I don’t see any reason why relative differences in frequency wouldn’t be sufficient. That difference persists across all reference frames.

Photons also have the familiar polarization property. Two otherwise identical photons with different polarizations behave different. E.g., when passing thru some media, when reflecting at certain angles, etc.

Polarization is one form of photon angular momentum. The other is orbital angular momentum.

My reply was about the conceptual idea itself. The idea that the “wave” of a photon has any transverse spatial size is very dangerous and will lead to many more incorrect conclusions than correct ones. There is nothing that can be measured in units of distance transverse to the direction of motion. The wave doesn’t physically move “side to side” in any spatial sense, math or concept.

To expand on my first reply…

The concept of identical particles as mentioned in the OP is a fundamental one. It shouldn’t be confused with how those (identical) particles are behaving, are situated, are interacting, etc.

As a non-quantum example, imagine you have two identical solid blue marbles, perfectly uniform and indistinguishable to the naked eye. Place one marble in a bowl marked “Bowl 1” and another in a bowl marked “Bowl 2”. If you leave the room and come back later, you have no way of telling whether someone came in and switched the marbles around. The two marbles are different in that they are in different states, but you just can’t say “which” marble is in which state, because that question doesn’t make sense if the marbles are indistinguishable.

In quantum and statistical mechanics, true indistinguishablility has important observable consequences.

That’s fine, and I don’t disagree. It was not my analogy, but one I saw on a documentary some years back. I’m pretty sure it had Michio Kaku in it, so take it for what that’s worth.

As analogies go, it seems as valid as using a trampoline and bowling ball to conceptualize gravity, or molasses as the higg’s field (both of which are entirely wrong, both of which I hear all the time). The question of the OP was what is the intrinsic difference between two photons of different energies, and giving an example of two things that have a different kinetic energy, even though they propagate at the same speed seemed appropriate. The OP could understand how electrons of differing velocities were different, but could not see how photons that travel at the same velocity could be. Adding the idea of kinetic energy in a direction perpendicular to the propagation is flawed, but still seems useful in translating that extra degree of freedom that photons have to a classical mechanics analogy, even if that is not actually what is happening.

The last bit though, I did not know. You are saying that there is no width to a photon’s wave, that it can only be defined as a line?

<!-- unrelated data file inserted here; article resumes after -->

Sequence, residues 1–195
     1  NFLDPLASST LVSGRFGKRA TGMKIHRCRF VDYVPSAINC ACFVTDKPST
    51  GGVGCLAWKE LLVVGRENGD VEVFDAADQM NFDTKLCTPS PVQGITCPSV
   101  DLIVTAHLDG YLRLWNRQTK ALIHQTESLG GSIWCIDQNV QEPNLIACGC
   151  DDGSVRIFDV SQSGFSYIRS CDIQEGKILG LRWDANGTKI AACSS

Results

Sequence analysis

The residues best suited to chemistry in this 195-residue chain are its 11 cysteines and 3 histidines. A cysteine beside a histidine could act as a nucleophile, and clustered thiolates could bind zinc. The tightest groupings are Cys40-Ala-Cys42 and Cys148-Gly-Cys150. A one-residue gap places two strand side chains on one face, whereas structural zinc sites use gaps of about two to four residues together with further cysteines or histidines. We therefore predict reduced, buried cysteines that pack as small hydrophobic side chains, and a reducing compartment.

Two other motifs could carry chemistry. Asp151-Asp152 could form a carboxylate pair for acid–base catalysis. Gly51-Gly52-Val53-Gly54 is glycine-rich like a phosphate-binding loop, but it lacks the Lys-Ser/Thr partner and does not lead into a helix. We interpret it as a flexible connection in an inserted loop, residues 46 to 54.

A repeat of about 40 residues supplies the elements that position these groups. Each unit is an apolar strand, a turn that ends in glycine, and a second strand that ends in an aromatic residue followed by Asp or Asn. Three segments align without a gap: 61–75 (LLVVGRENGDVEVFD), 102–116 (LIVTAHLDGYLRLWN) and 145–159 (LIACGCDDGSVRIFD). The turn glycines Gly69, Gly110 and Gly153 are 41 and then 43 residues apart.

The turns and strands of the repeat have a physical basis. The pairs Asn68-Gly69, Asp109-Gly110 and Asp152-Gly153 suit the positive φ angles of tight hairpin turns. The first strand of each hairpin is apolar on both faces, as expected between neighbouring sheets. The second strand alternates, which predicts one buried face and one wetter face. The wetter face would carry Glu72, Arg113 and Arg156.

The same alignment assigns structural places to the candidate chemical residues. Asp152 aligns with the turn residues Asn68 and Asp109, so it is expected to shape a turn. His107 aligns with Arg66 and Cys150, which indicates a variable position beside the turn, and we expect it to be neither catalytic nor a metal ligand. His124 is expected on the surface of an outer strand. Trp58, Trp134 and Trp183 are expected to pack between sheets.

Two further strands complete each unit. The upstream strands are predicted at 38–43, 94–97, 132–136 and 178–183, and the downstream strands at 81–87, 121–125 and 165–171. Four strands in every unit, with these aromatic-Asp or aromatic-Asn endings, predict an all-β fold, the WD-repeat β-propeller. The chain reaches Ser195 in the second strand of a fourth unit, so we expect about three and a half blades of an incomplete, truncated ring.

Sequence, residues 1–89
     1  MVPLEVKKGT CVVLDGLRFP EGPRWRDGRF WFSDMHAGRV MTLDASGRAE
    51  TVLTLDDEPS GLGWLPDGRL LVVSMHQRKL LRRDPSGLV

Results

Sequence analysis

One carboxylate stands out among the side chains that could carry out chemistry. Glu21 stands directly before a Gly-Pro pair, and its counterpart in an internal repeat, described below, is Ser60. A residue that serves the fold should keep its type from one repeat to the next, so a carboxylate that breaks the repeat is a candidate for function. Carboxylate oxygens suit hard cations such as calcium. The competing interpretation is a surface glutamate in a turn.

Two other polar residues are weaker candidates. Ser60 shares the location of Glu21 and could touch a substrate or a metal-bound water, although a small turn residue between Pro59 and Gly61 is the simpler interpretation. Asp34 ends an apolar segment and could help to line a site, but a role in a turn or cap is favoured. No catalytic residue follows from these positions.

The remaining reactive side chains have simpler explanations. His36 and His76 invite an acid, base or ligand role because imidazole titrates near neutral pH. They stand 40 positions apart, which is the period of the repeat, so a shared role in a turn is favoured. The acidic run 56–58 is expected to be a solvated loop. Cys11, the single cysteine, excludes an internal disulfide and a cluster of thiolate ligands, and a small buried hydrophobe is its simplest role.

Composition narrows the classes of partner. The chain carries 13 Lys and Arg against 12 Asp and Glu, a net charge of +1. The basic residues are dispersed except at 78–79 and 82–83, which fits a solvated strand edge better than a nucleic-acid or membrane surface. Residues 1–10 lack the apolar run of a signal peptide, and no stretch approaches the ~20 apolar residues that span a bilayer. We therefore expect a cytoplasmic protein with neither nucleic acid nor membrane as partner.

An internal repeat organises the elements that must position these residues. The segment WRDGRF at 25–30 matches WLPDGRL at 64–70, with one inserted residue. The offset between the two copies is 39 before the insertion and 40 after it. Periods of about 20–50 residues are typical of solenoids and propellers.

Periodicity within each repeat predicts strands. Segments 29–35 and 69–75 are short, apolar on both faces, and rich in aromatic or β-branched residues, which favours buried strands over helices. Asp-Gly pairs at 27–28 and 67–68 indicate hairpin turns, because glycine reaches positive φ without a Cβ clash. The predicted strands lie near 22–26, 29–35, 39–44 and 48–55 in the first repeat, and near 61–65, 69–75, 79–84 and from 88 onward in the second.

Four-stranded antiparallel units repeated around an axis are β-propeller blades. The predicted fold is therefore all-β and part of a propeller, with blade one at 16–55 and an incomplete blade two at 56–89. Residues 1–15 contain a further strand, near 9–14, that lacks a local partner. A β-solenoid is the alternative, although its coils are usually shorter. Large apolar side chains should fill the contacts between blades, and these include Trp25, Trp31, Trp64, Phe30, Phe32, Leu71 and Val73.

Well, the relative wrongness of wrong things is a bit subjective. I would rate treating a photon’s wave as wiggling the photon back and forth as particularly egregious, whether or not there may be other egregious analogies about other things out in the wild.

Energy and momentum are the things that make the particles (well, the states they are in) distinguishable in both the photon and electron case. The “missing degree of freedom” you are trying to find is just that the electrons’ states are still distinguishable because of their momentum, just like the photons’ states. That is, the misapprehension in the OP was thinking that the photons are always different-looking whereas the electrons can be made same-looking, but that’s not true if you look at momentum and energy together, as you must. (And you must because it is the energy-momentum four-vector that is relativistically invariant. Cherry picking one piece of that four-vector is leaving part of the story out.)

No, that’s a different can of worms (opened below). I was noting that the wiggling of a photon wave isn’t the photon moving side to side in space. It’s only moving forward. The thing that’s varying sinusoidally along the photon’s path is the magnitude and direction of the electromagnetic fields. The fields are located on the path, but their vector values are pointing sideways. Nothing is physically moving sideways.

To let the unrelated worms out: a photon of definite energy has infinite transverse extent. The term of art is “plane wave”. This is an idealization and can’t be achieved in reality, but it’s an invaluable (and usually fantastically good) approximation for lots of physical systems. In scenarios where you do care about the width of a wave or wave packet, the run-of-the-mill approach is to think of the wave as a superposition of waves of different momenta. The result is that you have a wave with a finite transverse physical extent but not a definite momentum. This transverse width, though, has nothing to do with any physical displacement of the photon back and forth in step with its frequency(ies).

There is no such thing as “momentum energy”. Not sure if that was a typo or not.

Also, photons are not waves. Photons are photons. We sometimes use a wave model to describe their behavior, but that does not make them waves. I’ve not had my head stuck in a physics book for decades, but I don’t recall any of them using your analogy. Do you have a cite of one doing so? If not, there is probably a reason for that.